Because of the increased cases of cancer-related deaths in Connecticut, concerns on whether the overall environmental surrounds being carcinogenic are now taking the Centre stage to alleviate these fears.
As at the beginning of the year 2010, cancer was the second leading cause of death in America and according to the Centers for Disease Control and Prevention (CDC).
According to the Environmental and Human Health, Inc. (EHHI), 2003 Connecticut was ranked to have the most alarming cancer-related cases in the whole of the United States of America with high rates of breast cancer, urinary bladder cancer and non-Hodgkin’s lymphoma leading in that list. Between the period 1970s to 1998, Connecticut has witnessed a constant rise in cancer rates, notably, breasted cancer by 25%, non-Hodgkin’s lymphoma by 80%and as a result, the state was ranked third in the entire country.
Thus, the relationship in cancer cases such as non-Hodgkin’s lymphoma and bladder cancer with carcinogenic environmental exposure in Connecticut is taken in to account in order to try to locate the cause of these widespread cases of cancer and contain them or find a long-term remedy.
Connecticut is notoriously famous for its history with environmental pollution, notably air and water pollution. According to an article by the New York Times (2009), cases of toxic waters were located in Connecticut, which was a clear violation of the Clean Water Act of 1972. The Naval Sub-Base New London located in Groton City had 139 violations and incurred fines amounting to $17000 when it was last inspected on 29 September 2009.
Air pollution is also rampant in Connecticut considering the enormous amounts of traffic and motor vehicles, which elevate the diesel exhaust and carbon monoxide levels in the atmosphere general. The cars also emit some lead toxins and other cancerous compounds that are very harmful to human health. The extensive use of pesticides more so in the application on lawns in Connecticut constitutes to the general increase of air pollution. Two, 4-D pesticide has close links with non-Hodgkin’s lymphoma.
The economic activities carried out in Connecticut are also involved in pollution of the environment, i.e. agrochemicals used in the greenhouse, poultry, etc. Stone, sand and gravel mining and the manufacturing industries notably the production of transportation equipment for military uses e.g. aircraft parts and submarine.
In general, Connecticut has extremely many superfund sites and however much they have been remediated their inhabitants are at risk of health problems. These sites are highly laden with industrial chemicals, toxic nitrates, solvents and tobacco smoke that are cancerous in nature. Tests carried out on individual chemical’s potential to cause/ induce cancer are still inconclusive and the constant contact of the inhabitants with these toxins, knowingly or unknowingly through the air, water or food has been and still is an overwhelming issue.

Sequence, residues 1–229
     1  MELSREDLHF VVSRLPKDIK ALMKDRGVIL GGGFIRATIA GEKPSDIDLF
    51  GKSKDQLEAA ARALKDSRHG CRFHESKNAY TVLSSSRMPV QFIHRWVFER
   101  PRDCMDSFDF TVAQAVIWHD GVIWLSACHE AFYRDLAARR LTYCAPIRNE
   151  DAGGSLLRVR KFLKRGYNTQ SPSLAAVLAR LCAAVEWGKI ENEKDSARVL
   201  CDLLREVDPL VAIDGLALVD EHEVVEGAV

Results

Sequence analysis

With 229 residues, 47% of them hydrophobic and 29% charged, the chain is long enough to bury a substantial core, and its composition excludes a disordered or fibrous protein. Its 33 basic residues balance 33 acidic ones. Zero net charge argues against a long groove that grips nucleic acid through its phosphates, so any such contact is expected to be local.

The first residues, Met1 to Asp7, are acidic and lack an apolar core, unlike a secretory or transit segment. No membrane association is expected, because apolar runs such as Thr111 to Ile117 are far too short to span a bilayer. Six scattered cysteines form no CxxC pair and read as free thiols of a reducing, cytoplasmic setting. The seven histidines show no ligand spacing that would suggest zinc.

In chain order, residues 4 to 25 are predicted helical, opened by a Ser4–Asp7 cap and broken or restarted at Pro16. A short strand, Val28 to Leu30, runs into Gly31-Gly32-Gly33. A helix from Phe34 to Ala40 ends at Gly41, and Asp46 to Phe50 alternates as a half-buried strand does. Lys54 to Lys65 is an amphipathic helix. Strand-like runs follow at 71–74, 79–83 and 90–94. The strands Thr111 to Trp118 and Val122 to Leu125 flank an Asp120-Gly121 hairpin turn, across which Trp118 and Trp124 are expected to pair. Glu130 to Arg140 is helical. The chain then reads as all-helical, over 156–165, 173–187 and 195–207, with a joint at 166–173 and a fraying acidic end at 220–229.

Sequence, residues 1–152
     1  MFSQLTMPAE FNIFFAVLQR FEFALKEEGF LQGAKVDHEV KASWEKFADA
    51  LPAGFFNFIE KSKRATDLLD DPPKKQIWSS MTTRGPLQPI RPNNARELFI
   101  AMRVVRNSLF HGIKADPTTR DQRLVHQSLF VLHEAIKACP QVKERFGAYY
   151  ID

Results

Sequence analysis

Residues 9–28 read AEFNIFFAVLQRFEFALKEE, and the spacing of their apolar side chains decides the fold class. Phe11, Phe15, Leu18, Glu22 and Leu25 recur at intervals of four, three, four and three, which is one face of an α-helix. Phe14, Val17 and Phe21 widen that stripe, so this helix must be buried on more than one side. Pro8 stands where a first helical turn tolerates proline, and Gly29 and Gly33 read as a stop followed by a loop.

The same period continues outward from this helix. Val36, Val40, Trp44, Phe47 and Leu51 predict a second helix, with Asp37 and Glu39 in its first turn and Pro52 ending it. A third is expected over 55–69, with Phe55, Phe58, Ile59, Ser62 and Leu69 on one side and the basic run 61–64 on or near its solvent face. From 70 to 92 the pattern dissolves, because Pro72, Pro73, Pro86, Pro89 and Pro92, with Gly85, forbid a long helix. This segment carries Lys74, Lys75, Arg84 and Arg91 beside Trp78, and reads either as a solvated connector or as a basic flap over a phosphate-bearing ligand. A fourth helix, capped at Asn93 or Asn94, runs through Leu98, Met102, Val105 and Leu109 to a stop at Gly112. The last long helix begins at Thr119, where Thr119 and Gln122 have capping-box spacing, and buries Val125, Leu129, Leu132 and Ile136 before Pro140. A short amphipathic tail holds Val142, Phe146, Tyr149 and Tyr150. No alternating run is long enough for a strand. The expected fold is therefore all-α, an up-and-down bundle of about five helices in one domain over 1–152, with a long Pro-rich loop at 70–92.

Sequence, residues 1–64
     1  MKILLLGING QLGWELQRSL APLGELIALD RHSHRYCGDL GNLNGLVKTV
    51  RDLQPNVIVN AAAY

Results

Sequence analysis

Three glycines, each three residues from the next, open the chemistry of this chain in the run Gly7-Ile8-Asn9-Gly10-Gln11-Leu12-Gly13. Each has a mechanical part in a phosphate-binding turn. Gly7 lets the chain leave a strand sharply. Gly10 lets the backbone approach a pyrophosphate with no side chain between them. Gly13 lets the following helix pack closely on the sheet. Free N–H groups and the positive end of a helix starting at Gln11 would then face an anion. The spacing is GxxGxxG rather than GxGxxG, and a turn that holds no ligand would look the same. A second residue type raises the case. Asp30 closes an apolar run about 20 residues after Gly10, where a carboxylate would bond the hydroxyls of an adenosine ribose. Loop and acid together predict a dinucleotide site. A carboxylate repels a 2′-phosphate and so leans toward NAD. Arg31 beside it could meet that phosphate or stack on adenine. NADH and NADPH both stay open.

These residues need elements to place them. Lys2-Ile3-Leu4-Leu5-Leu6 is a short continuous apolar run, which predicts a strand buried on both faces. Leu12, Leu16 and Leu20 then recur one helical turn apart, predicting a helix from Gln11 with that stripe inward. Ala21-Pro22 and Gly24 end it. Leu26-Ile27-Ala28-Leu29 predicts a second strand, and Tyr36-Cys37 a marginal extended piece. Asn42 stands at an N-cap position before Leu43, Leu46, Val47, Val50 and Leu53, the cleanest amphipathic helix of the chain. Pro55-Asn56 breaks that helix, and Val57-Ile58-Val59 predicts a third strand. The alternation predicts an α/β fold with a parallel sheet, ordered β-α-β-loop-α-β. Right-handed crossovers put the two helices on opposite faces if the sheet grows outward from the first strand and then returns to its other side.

Steps taken by various institutions in Connecticut in a bid to curb environmental pollutions to date are proving to be effective but very sluggish. Legally, Weitz & Luxenberg litigators came up with claims for residents in Connecticut, which if worn in a court of law enables residents to tap into the superfund trust fund for cleaning up hazardous waste sites. The congress is also looking into the Clean Water Act reviewing the fines on corporates that dump heavy metals such as lead and nickel and other wastes in waterways since such violators are on a steady increase. The senator for Connecticut State, known for co-sponsoring the Clean Water Restoration Act, which is set to protect all waters in the United States.
As cancer is on the rise in Connecticut so are, organizations that encourage early detection are on the rise. In addition, focus support groups such as Connecticut CANCER partnership etc. are on the rise to try to mediate individuals who have this cell-killing disease. Generally, people have to know that the early detection of the tumor early enough can be permanently removed and one can live a normal life afterward.
As environmental pollution, obesity is also a major cancer risk factor. The heightened obesity rates in Connecticut State and the United States of America in general, the emphasis has to be on nutrition and health as cancer cannot be on environmental degradation alone.
Connecticut State is a clear indication that environmentally induced cancers’ can be disastrous and cripple the lives of Americans, Presidents’ Cancer Panel (2010).
Weitz & Luxenberg P.C. (2011). Connecticut Environmental Toxins Tort Lawsuits: Fighting Air
and Water Pollution. Retrieved 2nd March, 2012, from
February 11, 2003. Environment and Human Health, Inc. (EHHI) retrieved from